Apparently the franchise-spawning, greatest science fiction classic of all time, ever, was just barely the best book of 1966. Yep, Dune tied with the legendary …And Call Me Conrad (later expanded and repackaged as This Immortal) by Roger Zelazny. I’m being a bit facetious, but, in hindsight, this looks like a fairly big misstep for Hugo. I know I should take Zelazny’s novel on its own merit, but it’s hard not to compare it to the novel that it shared the ’66 Hugo with. And, next to Dune, This Immortal looks pretty slight, to say the least.
This Immortal takes place on a post-apocalyptic future Earth. After nuclear Armageddon, humans were befriended by a blue-skinned alien race named the Vegans. Most humans live on Vegan colonies, and Earth’s most magnificent sites have become tourist attractions, while the rest of the planet is overrun by mutants – some of whom inexplicably look like mythological creatures like centaurs.
The story is narrated by Conrad Nimikos, a long-lived Greek. Conrad is himself hundreds of years old, and there are hints that he is a Greek God, or he may just be a mutant. He previously lived as a hero of Earth named Karaghiosis, who opposed Vegan plans to buy up all of the real estate on Earth. Ironically, he now finds himself protecting a Vegan surveyor named Myshtigo from assassins and voodoo priests.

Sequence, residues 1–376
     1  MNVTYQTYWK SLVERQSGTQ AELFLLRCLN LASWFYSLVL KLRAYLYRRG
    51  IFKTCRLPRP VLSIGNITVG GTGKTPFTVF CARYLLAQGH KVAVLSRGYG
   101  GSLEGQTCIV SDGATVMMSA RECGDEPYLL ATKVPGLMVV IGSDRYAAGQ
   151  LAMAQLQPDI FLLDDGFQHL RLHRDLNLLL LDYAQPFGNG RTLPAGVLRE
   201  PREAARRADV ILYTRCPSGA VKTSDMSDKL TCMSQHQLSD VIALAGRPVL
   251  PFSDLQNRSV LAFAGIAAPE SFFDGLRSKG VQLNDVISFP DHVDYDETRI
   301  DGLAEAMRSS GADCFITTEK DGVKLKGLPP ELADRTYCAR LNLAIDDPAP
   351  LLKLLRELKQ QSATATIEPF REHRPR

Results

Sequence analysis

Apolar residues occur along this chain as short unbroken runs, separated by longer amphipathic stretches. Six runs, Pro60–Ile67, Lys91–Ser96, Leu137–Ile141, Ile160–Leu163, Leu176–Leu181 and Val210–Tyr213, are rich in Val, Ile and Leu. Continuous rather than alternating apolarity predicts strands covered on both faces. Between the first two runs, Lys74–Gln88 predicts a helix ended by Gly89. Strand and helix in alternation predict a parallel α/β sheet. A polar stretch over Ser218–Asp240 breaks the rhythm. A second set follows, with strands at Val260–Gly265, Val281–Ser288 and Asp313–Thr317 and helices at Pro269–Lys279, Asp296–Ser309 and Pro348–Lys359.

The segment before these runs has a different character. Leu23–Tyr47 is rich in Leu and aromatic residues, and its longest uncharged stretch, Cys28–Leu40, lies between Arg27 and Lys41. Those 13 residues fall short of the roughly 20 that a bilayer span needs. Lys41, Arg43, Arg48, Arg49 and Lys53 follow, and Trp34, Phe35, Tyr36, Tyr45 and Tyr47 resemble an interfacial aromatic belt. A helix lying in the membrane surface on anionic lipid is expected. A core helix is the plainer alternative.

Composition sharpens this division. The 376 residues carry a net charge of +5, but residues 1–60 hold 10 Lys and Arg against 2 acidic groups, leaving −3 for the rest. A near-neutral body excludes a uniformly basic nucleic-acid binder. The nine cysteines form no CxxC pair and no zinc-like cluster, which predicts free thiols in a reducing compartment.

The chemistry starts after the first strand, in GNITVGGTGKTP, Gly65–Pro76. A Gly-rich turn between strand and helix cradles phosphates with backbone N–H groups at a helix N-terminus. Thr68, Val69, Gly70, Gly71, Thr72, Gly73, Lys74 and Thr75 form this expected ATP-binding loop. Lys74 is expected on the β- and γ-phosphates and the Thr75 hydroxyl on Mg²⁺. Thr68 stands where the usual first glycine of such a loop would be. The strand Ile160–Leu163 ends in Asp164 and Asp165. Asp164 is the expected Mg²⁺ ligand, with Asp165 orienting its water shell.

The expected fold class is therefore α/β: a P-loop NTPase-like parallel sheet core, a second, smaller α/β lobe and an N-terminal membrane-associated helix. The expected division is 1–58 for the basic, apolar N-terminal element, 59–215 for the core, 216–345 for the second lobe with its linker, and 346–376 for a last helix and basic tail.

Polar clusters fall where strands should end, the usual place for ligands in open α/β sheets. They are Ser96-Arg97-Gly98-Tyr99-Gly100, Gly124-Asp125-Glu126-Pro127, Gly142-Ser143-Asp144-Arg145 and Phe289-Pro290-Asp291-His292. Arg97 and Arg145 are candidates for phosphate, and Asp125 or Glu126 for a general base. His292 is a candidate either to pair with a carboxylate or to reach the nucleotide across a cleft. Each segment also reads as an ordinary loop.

These are interesting ideas, but none of them are explored in depth or really developed at all. In a lot of ways, This Immortal is the anti-Dune. World-building, political machinations, and noble heroes are all there, but mostly just hinted at and relegated to the background. Instead, Zelazny focuses on a brisk, action-oriented plot and creating a mysterious but amiable protagonist. The book is a quick, light read, and Conrad is likable and funny (his narration is so good humored that it took me a third of the novel to realize that Earth had become a post-apocalyptic hellhole). Maybe I can see how the WorldCon voters might be split between the heavy epic Dune and the light romp This Immortal, but the latter doesn’t really seem so deserving in retrospect.